A Letter From Larm

I am writing to express concerns on behalf of the autistic rights and neurodiversity movement about the implications of recent breakthroughs in genetic research into autism, and also much of the journalistic coverage of this research.

While such research could potentially be of benefit to parents and autistic people in planning to ensure their needs are properly met, much of the discussion surrounding these developments centres on the possibilities for treating and eliminating autism.

We are again being bombarded by references to autism in terms of disease, disorder and suffering. Worst of all is the raising of the possibility of genetic testing, and perhaps of pre-natal testing. Again, in principle this might be useful as a means of ensuring parents have advance knowledge of the needs of their child.

However, without in any way prejudicing the rights of women to make their own reproductive choices, the abortion clinic should not be seen by society as the solution for autism, as has happened with Down's Syndrome.

The London Autistic Rights Movement, and the wider autism rights and neurodiversity movement of which we are a part, believes that it is the economic, social and attitudinal barriers in society that are the true disablers of autistic people, and not their condition in itself.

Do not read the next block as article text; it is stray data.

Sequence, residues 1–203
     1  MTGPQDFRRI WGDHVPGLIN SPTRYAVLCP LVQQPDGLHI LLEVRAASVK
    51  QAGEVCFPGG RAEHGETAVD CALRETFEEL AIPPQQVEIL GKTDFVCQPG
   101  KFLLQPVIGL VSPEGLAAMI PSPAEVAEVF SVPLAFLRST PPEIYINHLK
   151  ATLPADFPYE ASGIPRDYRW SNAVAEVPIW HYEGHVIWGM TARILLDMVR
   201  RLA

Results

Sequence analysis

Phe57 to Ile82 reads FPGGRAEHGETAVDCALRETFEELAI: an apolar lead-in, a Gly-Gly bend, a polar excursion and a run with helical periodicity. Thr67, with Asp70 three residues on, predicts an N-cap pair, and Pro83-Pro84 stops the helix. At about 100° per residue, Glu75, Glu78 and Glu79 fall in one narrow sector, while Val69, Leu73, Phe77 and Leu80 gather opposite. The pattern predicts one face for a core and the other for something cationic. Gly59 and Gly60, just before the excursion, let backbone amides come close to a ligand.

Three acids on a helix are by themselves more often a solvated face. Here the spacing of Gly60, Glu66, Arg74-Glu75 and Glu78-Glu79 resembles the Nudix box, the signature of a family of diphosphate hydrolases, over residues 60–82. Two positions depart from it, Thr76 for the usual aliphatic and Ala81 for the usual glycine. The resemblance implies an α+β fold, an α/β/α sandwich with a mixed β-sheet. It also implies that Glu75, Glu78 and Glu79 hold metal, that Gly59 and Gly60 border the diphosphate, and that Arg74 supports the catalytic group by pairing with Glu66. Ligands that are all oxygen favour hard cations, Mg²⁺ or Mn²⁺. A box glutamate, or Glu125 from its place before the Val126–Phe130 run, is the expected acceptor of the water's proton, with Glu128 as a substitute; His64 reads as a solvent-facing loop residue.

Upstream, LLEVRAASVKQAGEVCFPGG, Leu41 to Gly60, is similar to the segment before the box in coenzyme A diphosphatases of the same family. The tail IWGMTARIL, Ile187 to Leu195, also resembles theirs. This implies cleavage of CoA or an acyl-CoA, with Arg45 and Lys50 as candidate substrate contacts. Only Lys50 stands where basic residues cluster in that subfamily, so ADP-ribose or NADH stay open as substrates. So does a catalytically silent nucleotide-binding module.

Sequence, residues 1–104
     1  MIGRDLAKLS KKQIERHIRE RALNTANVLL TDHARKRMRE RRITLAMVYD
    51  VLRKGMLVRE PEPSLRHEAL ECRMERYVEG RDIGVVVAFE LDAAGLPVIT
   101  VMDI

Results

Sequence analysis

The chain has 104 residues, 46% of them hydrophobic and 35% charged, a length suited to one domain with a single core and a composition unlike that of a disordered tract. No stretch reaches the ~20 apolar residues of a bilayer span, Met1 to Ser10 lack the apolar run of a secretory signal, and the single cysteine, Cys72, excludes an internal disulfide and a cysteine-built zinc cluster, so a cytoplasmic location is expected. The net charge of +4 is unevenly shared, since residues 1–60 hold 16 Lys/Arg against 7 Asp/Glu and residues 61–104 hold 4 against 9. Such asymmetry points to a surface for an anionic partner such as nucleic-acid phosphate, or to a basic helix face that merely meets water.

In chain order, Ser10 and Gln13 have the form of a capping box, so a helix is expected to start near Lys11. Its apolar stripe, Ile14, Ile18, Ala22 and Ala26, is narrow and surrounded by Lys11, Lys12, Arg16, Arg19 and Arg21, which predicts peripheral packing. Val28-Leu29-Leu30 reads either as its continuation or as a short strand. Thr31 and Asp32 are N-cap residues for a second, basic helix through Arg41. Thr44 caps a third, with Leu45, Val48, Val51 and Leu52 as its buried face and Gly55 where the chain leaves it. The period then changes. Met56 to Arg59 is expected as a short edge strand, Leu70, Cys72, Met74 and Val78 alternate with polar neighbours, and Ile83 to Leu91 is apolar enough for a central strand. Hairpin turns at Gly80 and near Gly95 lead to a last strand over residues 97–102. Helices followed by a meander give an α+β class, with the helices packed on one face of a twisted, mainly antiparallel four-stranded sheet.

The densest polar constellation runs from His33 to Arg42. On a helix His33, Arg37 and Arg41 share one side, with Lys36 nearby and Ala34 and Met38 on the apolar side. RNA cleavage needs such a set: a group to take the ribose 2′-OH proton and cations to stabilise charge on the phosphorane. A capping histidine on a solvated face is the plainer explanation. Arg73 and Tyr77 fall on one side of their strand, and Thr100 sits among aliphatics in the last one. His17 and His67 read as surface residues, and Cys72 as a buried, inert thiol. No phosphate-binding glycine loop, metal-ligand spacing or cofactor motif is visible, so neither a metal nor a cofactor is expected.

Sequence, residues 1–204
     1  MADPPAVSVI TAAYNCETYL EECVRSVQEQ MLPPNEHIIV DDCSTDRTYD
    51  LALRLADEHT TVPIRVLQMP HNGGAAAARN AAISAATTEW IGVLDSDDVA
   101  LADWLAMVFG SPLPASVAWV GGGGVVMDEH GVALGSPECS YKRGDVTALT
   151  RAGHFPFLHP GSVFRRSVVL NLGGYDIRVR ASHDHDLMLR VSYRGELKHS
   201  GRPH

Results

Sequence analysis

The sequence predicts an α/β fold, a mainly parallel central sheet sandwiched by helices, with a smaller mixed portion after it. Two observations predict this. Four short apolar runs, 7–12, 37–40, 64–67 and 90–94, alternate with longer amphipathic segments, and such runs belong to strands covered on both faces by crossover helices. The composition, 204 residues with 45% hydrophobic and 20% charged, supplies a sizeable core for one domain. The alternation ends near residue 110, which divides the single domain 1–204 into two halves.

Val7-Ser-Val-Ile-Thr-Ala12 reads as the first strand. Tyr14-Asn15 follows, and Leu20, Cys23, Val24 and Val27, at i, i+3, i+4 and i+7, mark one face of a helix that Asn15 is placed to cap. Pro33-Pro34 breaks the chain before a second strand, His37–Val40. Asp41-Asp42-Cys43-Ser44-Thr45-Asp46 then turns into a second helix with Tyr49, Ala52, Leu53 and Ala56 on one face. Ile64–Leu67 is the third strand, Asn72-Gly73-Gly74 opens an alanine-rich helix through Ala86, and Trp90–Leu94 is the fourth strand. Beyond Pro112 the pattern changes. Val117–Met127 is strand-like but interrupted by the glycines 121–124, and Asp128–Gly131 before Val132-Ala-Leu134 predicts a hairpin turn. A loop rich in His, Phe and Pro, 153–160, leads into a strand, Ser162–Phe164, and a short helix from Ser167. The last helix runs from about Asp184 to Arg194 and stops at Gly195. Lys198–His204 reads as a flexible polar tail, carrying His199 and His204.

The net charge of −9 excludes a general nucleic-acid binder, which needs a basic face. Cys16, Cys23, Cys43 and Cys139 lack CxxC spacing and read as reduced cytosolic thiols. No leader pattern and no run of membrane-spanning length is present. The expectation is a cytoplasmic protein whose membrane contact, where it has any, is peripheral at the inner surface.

We take the view that the most important thing for autistic people is to remove these barriers, and not to medicalise autistic individuals and see the only option as therapy or other treatment aimed at normalising the autistic person.

We recognise that for many parents caring for an autistic child can be very difficult and extremely stressful, particularly in cases of those with behavioural difficulties, but believe that most of these problems are the result of society's failings.

There has been some research, notably by Laurent Mottron and Michelle Dawson in Canada, into mapping out what autism is and what autistic people's needs are which have come up with surprising results. They suggest that in many cases autism has advantages as well as disadvantages, irrespective of supposed severity, and it is our view that such research is much more important than genetic research into autism's causes.

The autistic rights movement therefore calls for more funding for work into investigating what could practically improve autistic people's lives in the here and now, rather than research chasing after miracle cures and treatments.

Roderick Cobley

London Autistic Rights Movement

PO Box 63703, LONDON SW3 5SW

0 Replies:

Post a Comment